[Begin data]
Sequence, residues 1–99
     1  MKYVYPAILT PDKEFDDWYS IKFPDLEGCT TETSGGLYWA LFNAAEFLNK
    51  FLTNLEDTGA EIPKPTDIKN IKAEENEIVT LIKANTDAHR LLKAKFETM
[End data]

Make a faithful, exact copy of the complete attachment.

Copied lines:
Sequence, residues 1–99
     1  MKYVYPAILT PDKEFDDWYS IKFPDLEGCT TETSGGLYWA LFNAAEFLNK
    51  FLTNLEDTGA EIPKPTDIKN IKAEENEIVT LIKANTDAHR LLKAKFETM